Hoops Mania Returned in Fashion Friday Night time

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VILLANOVA, Pennsylvania – Hoops Mania returned after a year of compulsory abstinence from COVID-19 and was welcomed with open arms by the Nova Nation student unit at the Finneran Pavilion on Friday evening. A packed house with more than 4,000 students helped Villanova kick off the 2021-22 basketball season for men and women.

Trainer of the women of Villanova Denise DillonIn her second season as head coach, she took part in her first Hoops Mania. Her team was featured shortly thereafter, and Maddie Siegrist received a basketball for breaking the 1,000-point plateau in just two seasons. Siegrist later attempted to set a world record for the most 3-pointers in one minute but missed just two points and sank 11.

Men’s head coach Jay Wright asked Dillon and her team to join him in the Swag Surf, a trademark of the Villanova student section.

The returning members of the Villanova men’s team received BIG EAST championship rings for both the 2019-20 and 2020-21 regular season titles. Banners to celebrate these titles have been unveiled by the three newest Wildcats: newcomers Angelo Brizzi, Jordan Longino and Nnanna Njoku.

Brandon Slater won the Slam Dunk Contest and the Pitch Blue Wildcats beat the Light Blue Wildcats on 15 in an intrasquad scrimmage.

At the end of the evening, Grammy-nominated musical artist “Offset” came on stage to perform a concert and join a long list of prominent entertainers who have taken the stage at Hoops Mania.

The Villanova men open the regular season 2021-22 on Tuesday, November 9th against Mount St. Mary’s in the Finneran Pavilion at 4:30 p.m. Dillon’s Wildcats will host an exhibition game on Saturday evening (October 30th) at 6:30 p.m.

Couple nonetheless preventing to have cash returned from Financial institution of America

NOCATEE, Fla. – A First Coast couple are still trying to get their money back on their own back.

It’s a story that First Coast News first covered a little over a week ago, and the response has been huge.

CONNECTED: “$ 35,000 is huge for us”: The couple begged for their own money years after accidentally making a deposit into the wrong account

Not only did the online version generate 10 times more pageviews than any other story for days, but Jessica and David Broda have also stated that they have been inundated with comments in person.

“We had an overwhelming response from people all over the country,” says Jessica Broda. “As you know, the story just got out all over the place. I’ve received emails from strangers […] old friends, my son’s teachers, a couple of nurses I’ve never met from other hospitals. “

CONNECTED: How to fight big banks and win before going to court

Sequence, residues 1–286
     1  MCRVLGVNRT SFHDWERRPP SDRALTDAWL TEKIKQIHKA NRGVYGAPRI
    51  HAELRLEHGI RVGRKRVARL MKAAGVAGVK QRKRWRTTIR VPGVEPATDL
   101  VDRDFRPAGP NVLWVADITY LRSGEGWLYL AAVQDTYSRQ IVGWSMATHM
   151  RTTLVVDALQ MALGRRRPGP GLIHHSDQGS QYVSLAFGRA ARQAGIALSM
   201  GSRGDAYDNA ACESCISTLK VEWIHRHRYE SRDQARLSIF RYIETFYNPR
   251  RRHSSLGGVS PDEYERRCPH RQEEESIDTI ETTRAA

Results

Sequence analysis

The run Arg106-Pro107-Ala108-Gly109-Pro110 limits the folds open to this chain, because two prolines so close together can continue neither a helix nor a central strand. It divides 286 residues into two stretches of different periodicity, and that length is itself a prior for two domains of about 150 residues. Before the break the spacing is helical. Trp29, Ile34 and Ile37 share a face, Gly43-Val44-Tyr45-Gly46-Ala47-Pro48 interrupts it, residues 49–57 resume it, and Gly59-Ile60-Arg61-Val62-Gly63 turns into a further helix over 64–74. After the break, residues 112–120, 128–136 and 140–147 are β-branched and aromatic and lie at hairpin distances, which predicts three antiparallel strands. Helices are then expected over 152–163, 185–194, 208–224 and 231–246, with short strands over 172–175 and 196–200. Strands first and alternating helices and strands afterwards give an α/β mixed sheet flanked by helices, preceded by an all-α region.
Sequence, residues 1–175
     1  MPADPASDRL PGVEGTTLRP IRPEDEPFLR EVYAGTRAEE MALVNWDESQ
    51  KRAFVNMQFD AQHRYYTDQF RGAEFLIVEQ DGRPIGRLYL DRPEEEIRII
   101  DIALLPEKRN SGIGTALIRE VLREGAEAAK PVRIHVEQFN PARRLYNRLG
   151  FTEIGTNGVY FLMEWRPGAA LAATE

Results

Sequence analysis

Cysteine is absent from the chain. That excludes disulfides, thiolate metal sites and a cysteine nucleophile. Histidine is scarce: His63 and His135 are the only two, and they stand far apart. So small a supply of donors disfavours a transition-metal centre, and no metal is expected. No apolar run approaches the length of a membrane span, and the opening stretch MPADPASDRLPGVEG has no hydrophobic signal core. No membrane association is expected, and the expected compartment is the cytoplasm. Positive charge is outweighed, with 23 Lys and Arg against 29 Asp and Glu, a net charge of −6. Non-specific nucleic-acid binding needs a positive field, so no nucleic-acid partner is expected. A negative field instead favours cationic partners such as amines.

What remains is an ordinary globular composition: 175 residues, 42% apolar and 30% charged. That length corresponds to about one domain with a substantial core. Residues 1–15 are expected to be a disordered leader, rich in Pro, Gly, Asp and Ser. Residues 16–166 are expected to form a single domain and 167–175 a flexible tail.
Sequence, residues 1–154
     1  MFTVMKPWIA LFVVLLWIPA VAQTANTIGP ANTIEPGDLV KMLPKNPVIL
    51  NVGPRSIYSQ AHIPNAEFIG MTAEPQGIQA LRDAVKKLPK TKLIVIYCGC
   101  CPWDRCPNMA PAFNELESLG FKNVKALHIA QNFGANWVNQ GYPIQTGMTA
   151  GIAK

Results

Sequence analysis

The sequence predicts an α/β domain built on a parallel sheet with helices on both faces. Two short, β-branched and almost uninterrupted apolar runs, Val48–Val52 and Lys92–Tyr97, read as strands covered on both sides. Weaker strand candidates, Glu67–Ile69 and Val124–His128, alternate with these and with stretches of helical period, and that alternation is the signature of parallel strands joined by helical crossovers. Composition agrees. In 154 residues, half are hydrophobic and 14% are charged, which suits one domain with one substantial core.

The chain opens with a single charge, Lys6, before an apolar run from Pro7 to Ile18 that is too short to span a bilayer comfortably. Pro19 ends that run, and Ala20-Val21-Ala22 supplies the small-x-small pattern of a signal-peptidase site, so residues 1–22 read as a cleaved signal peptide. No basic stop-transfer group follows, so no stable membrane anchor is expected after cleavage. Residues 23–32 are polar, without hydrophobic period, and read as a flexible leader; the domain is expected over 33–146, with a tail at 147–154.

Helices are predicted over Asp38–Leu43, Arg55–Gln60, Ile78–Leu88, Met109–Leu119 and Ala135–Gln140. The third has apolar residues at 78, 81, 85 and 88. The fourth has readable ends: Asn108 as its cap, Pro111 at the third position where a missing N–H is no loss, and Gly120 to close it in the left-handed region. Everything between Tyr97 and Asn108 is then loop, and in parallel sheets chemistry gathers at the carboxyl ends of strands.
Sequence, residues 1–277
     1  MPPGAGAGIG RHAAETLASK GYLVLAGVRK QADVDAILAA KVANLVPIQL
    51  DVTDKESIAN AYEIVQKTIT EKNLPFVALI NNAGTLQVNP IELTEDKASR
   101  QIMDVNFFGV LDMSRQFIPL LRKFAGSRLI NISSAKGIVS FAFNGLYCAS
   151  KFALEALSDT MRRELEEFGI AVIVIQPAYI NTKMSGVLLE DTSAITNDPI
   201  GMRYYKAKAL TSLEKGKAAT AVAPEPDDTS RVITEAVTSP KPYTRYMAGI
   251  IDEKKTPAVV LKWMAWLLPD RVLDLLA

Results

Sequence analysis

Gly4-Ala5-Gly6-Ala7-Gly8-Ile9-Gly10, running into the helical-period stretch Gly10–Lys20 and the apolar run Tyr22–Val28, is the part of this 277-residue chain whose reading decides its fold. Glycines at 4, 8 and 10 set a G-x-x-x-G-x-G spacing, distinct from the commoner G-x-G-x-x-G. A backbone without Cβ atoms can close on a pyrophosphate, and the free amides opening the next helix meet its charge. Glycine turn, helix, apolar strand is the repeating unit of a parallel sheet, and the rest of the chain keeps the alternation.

The Brodas, both nurses, fought for their $ 35,000 from Bank of America three years ago after accidentally depositing their son’s bank account. Known as the Coogan Trust, the account is required by every California child actor to protect their earnings from predatory guardians.

In the case of 6-year-old Jacob Broda, he made a single appearance as a toddler before his family moved to Florida. The $ 80 balance in their account remained unchanged and unaffected until the couple bought and returned a faulty Lexus in June 2018. While Jessica Broda deposited the check for $ 35,000 on the Bank of America app, she accidentally deposited it with the Coogan Trust.

Three years later, Bank of America is still refusing to return the money. The couple is suing for their money to be returned.

The story resonated with thousands of other people.

“I didn’t know how many people had so much anger against this bank,” said Jessica Broda. “That was very surprising. And it was also very sad because so many people had so many financial problems with the bank and were walking around all over the place. And after they saw that, me and my husband and you know our lawyers you know “We don’t want them to get away with harming people over and over, it’s just not right.”

The bank declined repeated requests for comment on the original story. Given the viral response, the story has been picked up by First Coast News’ sister stations in Dallas, Minneapolis, and Atlanta, among others. First Coast News asked for comment again, but the bank officials did not respond.

Broda says she isn’t surprised. They too are getting “radio silence” from the bank, but she said the community’s response has just redoubled their determination to hold the bank accountable.

“I’m tired of the way they treat people, I’m tired of the way they’ve treated me for the past three years,” said Broda. “I feel like we have a lot of wind in our sails right now. It feels really good to have so much support from the community and we’re just very grateful for that.”